I want you to know that I am healthier than I’ve ever been.

In college, I didn’t just gain the freshman 15 because of that ridiculous combination of pizza & beer. I put on weight because of stress & thought I could seek comfort in food. To this day, yes I do indulge (because restricting myself from any form of chocolate or craft beer from time to time would be disgraceful) – but I have more of conscious approach to what I eat. I scrutinize nutrition labels. Not for calorie count, but because I would much rather be able to comprehend/pronounce what ingredients are in my food. I’ve also tried gardening vegetables for the first time, and have grown delicious spinach, romaine, & tomatoes! I also exercise regularly. I don’t dance quite as often as I used to (of course I still break it down while at home), but I have taken on a new fitness challenge. Remember when I “couldn’t run” because I thought dancers didn’t have the lung capacity for it? I will now be completing my second half marathon on May 10th. Running has provided me a new sense of vitality & a way to really focus on getting in touch with you.

I want you to know that everyone is doing well.

We miss you like crazy, but so much of the legacy you left inspires us to keep moving forward with strength & gusto. Mom is able to laugh wholeheartedly again & has taken on a new career, Chris is an incredible father & brother, Megan is one of the best sister-in-law’s I could ever ask for, and Addison…gosh, you should see her. She is growing up fast & absolutely beautiful.

I want you to know that I found a keeper.

Andrew and I’s wedding date is set for 2016. I knew I picked a keeper when I followed a trail of 12 laid out pennies to his apartment after the most grueling 12+ hour work day I have ever experienced, to come home to a home cooked meal and copious amounts of love & comfort. In the beginning stages of us dating, I drove over to Andrew’s apartment. I brought over the hand-written journals that I wrote in for every moment of pain, sorrow & joy I experienced after you passed. I told him to read the journals to encounter pieces of me I couldn’t always convey through words & that if he was scared, or couldn’t handle it we could end things If need be. He responded with a letter written to me after he read the journals. A letter with so much support & unconditional love that I knew from that moment on that he was the one. You would love him and be very proud of him, dad. If only you both could play 18 holes together. Andrew & I visit the driving range together on your Birthday.

I want you to know that I’m not afraid to cry in public, at all.

This has come with my strengthening during the grief process. Just recently, I was at a concert. Tyrone Wells was singing a soulful, acoustic ballad written for his daughter, “Always Love You.” The theatre was silent, but I burst outright into tears just like a ridiculously leaky faucet. Poor Andrew, crying in public can come at any moment from me. But he wiped away my tears, kissed me on the temple & told me he loved me. Moments like this I have no fear or shame any longer. I feel like the times I cry in public are typically when I feel like I experience messages from you even when you are not here.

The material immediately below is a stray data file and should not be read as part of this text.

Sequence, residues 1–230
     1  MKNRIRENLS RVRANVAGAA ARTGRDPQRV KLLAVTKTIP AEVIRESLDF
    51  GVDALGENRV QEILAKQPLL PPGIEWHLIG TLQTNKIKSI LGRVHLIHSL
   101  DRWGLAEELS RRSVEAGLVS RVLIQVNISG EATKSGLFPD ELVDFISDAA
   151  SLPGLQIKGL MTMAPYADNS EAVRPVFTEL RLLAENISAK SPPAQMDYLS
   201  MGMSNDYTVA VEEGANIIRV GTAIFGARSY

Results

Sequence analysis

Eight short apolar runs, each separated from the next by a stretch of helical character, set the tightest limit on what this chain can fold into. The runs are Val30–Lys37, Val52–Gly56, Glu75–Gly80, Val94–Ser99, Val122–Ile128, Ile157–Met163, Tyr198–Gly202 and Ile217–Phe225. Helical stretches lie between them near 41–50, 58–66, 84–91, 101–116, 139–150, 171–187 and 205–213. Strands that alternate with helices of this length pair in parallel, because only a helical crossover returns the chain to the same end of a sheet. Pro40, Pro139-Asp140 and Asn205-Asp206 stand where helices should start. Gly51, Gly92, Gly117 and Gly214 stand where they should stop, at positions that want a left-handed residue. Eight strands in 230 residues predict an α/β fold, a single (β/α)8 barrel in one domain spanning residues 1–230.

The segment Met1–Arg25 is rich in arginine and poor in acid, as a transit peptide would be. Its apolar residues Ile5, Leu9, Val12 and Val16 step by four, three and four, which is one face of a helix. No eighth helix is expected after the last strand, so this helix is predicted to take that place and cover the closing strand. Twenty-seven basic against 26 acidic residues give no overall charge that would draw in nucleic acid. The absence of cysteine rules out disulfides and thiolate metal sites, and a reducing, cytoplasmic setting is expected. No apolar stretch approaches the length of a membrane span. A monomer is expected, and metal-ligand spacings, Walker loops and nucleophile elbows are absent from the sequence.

I want you to know that I’ve kept all the pennies.

All the pennies that have been left for me that I know cannot be a coincidence. From finding one sitting on my car seat on the first day of my post-graduate career, to a shelf in the fridge of all places, to discovering one on my most challenging days, the back seat of Andrew’s parents’ car, and after wonderfully meaningful conversations with friends. A gracious friend of mine gave me the gift called a “My Angels’ Pennies” jar. It sits upon our fireplace mantle with all the shiny pennies smiling at us. I haven’t counted how many I’ve collected, but I know there have to a be a couple hundred at the very least. Keep leaving those pennies behind, they bring so much joy to my day.

I want you to know I’ve taken a lot of care to strengthen my finances.

All of those pennies you have left have really inspired me. Society likes to portray that people of my age are poor savers, will not be prepared for retirement, and have ridiculous spending habits. I beg to differ. If this is the truth, then I would like to remain the minority. Wish we could go back to those long rides in the car to discuss my asset allocation in my 401(k) plan through work. I’ve been learning a lot through reading & others that care about their financial health as well.

I want you to know that there is so much to say…

I could honestly write you a letter that expands beyond 20 pages. But I’ll spare the brevity, because I know I am always attempting to connect with you in one way, or another. I love you, miss you, and always will with every part of me.


Thank you for reading a more personal side from me that may be out of the ordinary. I am here to tell you to not ever be afraid to talk about finances, or grief. Every conversation is a way to transcend beyond what you are capable of. Its an opportunity to develop and to grow in all facets of your life. 

All my best,